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Indiana county ends needle exchange program credited with containing an HIV outbreak

An Indiana county on Wednesday voted to end a needle exchange program that health officials say has been responsible for significantly reducing the spread of HIV in the area. 

The Scott County commissioners decided in a 2-1 vote that the district should phase out the program that provides access to and disposal of sterile needles and naloxone, as well as other emergency recovery and medical services. 

Commissioners Mike Jones and Randy Julian defended their votes striking down the program Wednesday by arguing that access to needles has caused more drug overdoses in the county. 

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"I know people that are alcoholics, and I don't buy him a bottle of whiskey, and ... I have a hard time handing a needle to somebody that I know they're going to hurt theirself with," Jones said, according to NPR

Meanwhile, Julian said that while he is “very worried” about “HIV and hepatitis,” what he was “more concerned about is the people we cannot bring back to life,” according to local ABC affiliate WHAS.

However, others have defended the program, including former U.S. Surgeon General Jerome AdamsJerome AdamsIndiana county ends needle exchange program credited with containing an HIV outbreak Fauci: Americans 'misinterpreting' mask rules Former surgeon general: CDC 'fumbled the ball at the one-yard line' with new mask guidance messaging MORE, who said while attending a Scott County commissioners’ meeting in May, "I've seen syringe service programs all over the nation; I've been to Canada and seen how they do it over there ... and the way you're doing it here is the way it's supposed to be done."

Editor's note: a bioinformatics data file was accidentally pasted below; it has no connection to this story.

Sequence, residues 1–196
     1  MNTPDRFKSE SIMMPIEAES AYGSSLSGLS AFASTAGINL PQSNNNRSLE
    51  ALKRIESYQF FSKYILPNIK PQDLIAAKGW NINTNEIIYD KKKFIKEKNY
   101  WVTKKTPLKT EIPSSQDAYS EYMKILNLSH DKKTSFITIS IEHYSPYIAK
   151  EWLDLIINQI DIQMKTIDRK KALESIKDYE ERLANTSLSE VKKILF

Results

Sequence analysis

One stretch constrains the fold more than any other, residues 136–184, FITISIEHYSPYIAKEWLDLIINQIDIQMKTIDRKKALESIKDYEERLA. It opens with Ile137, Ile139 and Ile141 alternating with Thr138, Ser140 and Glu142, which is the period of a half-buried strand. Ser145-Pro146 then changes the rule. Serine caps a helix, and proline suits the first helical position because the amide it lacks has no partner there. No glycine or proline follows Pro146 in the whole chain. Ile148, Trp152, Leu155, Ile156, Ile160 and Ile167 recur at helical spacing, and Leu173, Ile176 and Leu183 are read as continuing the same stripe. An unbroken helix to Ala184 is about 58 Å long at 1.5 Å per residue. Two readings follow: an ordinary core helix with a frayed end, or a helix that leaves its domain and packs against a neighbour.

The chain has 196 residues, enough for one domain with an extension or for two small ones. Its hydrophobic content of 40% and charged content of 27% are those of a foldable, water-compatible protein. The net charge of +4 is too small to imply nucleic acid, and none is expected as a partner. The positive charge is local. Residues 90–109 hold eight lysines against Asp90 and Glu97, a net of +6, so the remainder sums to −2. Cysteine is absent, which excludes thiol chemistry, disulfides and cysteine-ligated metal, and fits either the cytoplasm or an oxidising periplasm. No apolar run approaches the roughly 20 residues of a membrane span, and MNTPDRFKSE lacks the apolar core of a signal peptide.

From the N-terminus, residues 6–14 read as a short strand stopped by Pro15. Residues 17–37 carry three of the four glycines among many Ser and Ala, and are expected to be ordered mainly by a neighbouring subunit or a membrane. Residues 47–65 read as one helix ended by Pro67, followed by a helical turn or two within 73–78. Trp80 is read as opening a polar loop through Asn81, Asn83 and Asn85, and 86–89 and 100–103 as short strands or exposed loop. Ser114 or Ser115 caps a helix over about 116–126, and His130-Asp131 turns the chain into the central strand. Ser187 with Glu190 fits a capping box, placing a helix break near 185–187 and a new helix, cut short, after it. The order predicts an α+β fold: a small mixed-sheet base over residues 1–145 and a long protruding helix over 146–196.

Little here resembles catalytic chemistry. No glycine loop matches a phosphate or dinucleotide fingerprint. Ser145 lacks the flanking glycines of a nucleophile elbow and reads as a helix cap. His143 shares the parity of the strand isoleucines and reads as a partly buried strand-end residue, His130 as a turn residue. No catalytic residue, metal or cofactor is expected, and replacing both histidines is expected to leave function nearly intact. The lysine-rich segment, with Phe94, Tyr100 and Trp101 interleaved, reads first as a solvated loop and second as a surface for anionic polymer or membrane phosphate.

In 2015, then-Indiana Gov. Mike PenceMichael (Mike) Richard PenceHow to investigate Jan. 6 (and other politicized issues) without a commission On The Money: Democrats wary of emerging bipartisan infrastructure deal, warn of time crunch Pence buys .9M home in Indiana MORE (R) approved the first syringe exchange program in the county, located about 30 minutes north of Louisville, Ky. 

The program came as the rural Indiana county was experiencing a rapid outbreak of HIV due to needle sharing among drug users, with an estimated 235 people infected with HIV at the time, according to NPR. 

The county’s rates of HIV have significantly dropped since the needle sharing program was implemented, with just one HIV case reported in all of 2020. 

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Michelle Matern, Scott County's health administrator, told NPR that it would be a mistake to end the syringe program.  

"I think a lot of people forgot kind of what 2015 was like, and what we went through as a community," she added. 

While the vote Wednesday set a Jan. 1, 2022, end date for the program, the commissioners said they would be open to moving back this deadline if they are not able to put a replacement program in place for community members to have access to addiction and mental health resources.